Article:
This Slashdot post talks about TIGR, the Tactical Ground Reporting System, which the US military developed for groupd troops in Iraq and Afghanistan. "Developed as much on the
ground in active warzones as in a lab, TIGR lets platoons access the
latest satellite and drone imagery in an easy-to-use map based
interface, as well as recording their experiences in the field and
accessing the reports of other troops."
For more details, see the interview with the developers. Some fascinating quotes, including:
soldiers learn ... the area that they're
assigned. That is they learn the people. They learn the villages. They
learn the roads. And that knowledge that they gain over the course of a
deployment is often times lost. When those soldiers rotate back to the
United States and new soldiers come in and are assigned a territory,
then they come in without all of that knowledge. They used to come in
without all of that knowledge. And that was actually a very, very
dangerous period of time called the turnover of authority. And one
thing TIGR has done is that TIGR has made all of that information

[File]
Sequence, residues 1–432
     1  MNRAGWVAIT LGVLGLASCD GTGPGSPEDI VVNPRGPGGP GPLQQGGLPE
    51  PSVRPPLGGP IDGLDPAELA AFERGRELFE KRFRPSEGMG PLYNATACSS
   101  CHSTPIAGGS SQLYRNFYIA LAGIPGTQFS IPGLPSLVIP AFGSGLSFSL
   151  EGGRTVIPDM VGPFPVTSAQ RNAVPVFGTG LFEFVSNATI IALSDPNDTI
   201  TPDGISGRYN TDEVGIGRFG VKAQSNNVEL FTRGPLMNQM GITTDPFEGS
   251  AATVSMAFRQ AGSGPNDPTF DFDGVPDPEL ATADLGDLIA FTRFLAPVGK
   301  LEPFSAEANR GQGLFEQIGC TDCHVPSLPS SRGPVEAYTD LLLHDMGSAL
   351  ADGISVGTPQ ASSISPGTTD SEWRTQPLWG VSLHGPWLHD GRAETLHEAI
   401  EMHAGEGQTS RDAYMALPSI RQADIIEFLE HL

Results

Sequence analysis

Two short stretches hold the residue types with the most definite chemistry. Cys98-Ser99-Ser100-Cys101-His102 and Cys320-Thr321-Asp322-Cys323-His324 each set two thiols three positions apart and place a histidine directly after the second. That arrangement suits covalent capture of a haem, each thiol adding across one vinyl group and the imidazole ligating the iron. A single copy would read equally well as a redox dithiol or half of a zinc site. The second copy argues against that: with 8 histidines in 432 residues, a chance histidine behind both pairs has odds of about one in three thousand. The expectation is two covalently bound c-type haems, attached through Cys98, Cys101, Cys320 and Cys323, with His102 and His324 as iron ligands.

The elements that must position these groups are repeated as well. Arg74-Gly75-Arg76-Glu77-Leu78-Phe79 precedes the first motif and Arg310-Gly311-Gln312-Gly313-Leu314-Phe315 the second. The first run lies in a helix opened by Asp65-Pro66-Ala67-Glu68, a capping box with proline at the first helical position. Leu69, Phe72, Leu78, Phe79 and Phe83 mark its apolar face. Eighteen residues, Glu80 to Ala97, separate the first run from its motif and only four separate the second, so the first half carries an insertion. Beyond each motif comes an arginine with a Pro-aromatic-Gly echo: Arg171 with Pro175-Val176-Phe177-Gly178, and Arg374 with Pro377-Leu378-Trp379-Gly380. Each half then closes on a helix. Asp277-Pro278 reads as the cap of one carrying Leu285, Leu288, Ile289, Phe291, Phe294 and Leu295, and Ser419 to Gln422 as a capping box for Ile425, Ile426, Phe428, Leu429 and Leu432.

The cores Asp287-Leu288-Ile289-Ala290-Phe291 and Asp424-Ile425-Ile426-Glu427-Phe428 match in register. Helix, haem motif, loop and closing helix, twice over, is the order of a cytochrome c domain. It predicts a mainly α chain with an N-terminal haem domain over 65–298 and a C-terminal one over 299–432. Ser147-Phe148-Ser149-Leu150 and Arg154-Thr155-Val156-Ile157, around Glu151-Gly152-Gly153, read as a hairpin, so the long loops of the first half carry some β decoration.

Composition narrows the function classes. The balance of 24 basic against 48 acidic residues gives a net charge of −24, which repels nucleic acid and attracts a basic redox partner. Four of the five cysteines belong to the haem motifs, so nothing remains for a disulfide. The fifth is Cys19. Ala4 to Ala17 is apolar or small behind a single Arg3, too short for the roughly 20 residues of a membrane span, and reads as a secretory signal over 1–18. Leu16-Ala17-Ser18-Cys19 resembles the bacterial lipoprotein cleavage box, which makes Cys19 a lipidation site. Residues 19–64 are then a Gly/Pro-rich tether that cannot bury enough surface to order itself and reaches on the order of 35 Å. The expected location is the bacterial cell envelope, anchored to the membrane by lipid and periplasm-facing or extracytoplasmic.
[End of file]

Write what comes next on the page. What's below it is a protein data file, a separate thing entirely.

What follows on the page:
available to the soldiers that are coming in new, as it were, to an
area, so that they're acclimated and have good knowledge of the people
and the places and the roads and things of this sort when they arrive.
you're just really looking for geospatially relevant information for
the mission at hand. If you're going to take this route and you're not
familiar with this route that you're thinking of taking, you can look
and see how many attacks have taken place; what kind of attacks have
taken place; who's been there before. So all of that information is at
What a different application than Cyclopath! (And one that I personally would have qualms about working on, although I don't see this as a simple case of 'working on a military application'.) And yet the motivation for the approach is nearly identical. More evidence for the utility of a geowiki approach!